Postgraduate

    Study that is beyond first degree level or Bachelor's level, and leads to a higher qualification such as a Master's degree or Doctorate.

    Practice teacher/assessor/mentor

    A qualified practitioner within your placement to offer support and guidance and to assess your competence against the national occupational standards.

    Programme

    Set of units that lead to an award. Sometimes referred to as a course.

    Programme leader

    Member of academic staff responsible for managing the programme or course you are studying.

    PSRB

    Public Statutory Regulatory Body, a quasi governmental agency with responsibilities for regulating professionals and their practice, including registration of professionals.

    Reflection

    A structured approach to thinking that looks back on an experience or event that has occurred. It is a cognitive activity that involves the mental process of selection, attention and analysis in order to develop or deepen our understanding of something and therefore enhance our capacity to know or do something (action) differently in the future.

    Reflective practitioner

    Being able to demonstrate your learning about professional practice during your placements in health, social welfare or educational settings. To be reflective in your placement settings is, therefore, about how you demonstrate your learning from this experience - it transforms an experience into knowledge because your experience has been of benefit to you and as a result you can show evidence of learning from it.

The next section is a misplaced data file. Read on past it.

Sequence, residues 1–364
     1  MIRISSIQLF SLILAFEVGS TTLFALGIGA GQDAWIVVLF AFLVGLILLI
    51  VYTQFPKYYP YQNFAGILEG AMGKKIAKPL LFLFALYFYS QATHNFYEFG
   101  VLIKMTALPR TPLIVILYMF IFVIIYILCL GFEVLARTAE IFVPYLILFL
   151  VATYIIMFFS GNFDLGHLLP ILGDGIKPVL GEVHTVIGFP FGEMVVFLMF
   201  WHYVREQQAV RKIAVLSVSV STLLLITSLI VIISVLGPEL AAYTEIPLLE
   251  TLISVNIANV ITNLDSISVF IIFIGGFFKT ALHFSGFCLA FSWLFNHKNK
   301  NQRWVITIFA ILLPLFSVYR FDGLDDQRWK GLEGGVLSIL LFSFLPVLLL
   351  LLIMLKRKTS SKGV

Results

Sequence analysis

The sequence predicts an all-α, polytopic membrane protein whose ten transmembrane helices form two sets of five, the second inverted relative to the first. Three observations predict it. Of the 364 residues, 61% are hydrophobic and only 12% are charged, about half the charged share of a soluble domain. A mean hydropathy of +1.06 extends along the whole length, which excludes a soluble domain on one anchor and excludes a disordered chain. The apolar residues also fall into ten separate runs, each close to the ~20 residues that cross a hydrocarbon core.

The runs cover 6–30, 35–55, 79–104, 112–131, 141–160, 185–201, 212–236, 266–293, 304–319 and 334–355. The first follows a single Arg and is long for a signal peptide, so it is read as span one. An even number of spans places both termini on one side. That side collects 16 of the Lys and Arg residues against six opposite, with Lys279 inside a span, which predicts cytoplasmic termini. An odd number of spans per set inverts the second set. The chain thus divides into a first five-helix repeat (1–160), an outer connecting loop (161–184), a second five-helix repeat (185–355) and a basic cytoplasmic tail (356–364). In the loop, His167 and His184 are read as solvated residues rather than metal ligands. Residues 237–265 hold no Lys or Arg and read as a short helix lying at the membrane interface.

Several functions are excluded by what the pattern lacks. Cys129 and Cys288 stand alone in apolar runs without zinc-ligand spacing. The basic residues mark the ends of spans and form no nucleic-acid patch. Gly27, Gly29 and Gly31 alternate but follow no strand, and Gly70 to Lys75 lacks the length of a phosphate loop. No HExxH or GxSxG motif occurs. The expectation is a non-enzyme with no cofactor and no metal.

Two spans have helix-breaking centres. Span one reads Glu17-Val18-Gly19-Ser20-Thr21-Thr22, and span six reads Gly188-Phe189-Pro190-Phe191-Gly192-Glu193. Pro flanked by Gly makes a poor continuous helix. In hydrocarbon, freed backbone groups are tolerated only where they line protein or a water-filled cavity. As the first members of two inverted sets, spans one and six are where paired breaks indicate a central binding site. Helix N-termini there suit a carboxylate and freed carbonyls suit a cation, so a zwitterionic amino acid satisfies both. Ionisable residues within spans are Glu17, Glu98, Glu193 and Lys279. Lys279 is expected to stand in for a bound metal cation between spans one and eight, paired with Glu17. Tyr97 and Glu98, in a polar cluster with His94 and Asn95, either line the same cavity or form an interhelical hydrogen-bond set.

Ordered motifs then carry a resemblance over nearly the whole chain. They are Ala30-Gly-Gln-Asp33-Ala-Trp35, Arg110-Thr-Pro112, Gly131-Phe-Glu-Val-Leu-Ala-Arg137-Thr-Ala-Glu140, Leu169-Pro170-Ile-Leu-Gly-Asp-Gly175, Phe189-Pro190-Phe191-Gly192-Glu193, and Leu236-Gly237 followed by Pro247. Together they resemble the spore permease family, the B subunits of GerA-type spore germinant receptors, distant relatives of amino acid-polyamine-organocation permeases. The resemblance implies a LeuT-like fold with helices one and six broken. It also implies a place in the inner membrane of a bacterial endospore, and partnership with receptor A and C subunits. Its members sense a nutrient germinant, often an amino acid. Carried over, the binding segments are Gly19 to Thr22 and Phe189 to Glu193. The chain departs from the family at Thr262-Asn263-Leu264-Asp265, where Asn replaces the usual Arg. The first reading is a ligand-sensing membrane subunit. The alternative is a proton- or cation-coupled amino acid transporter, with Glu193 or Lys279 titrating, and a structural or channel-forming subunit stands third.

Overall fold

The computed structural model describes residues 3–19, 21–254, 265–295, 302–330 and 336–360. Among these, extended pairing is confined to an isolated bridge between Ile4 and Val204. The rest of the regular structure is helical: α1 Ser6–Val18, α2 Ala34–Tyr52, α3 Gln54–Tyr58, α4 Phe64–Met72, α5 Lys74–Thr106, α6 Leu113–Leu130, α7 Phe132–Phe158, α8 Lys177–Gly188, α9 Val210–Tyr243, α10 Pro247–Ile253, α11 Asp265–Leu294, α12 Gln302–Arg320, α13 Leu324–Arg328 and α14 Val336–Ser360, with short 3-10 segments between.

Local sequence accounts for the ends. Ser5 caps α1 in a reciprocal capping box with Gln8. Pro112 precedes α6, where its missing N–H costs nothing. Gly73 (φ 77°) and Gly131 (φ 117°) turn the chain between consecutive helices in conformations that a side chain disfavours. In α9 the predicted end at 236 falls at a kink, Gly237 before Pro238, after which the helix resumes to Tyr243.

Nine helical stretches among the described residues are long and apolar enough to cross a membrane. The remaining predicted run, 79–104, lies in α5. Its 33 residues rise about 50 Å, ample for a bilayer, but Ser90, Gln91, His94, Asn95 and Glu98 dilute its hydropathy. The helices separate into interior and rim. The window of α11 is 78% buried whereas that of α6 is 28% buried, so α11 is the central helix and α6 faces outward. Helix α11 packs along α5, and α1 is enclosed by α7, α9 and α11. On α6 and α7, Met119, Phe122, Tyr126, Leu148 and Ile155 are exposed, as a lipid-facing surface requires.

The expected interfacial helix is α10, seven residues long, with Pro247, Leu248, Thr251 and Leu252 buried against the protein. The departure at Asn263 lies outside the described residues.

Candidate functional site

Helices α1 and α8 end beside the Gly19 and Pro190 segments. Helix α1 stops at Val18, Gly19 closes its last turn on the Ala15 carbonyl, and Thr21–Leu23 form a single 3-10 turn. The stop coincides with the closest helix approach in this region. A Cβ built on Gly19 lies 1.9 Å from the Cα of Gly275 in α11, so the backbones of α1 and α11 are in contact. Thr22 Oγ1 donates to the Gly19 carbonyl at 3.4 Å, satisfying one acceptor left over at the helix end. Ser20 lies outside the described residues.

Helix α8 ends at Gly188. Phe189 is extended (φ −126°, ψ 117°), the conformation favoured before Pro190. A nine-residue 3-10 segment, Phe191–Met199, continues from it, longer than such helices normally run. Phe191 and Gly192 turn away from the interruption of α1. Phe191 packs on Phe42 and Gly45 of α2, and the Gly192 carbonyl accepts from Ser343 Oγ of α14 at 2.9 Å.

Registration

    You may be required to register with the PSRB. Registration is also the term used by the university at enrolment. You will need to register for your course at the beginning of each academic year.

    Seminar

    Small-group teaching, led by a tutor/module leader where students are expected to come prepared to participate and share their learning and understanding, following private study and reading which has been set by the tutor.

    Service user or user of service

    Those members of the public with whom you will work when on placement or in employment.

    SQ3R

    An approach to reading and study that involves the process of survey, question, read, recall and review.

    Summative assessment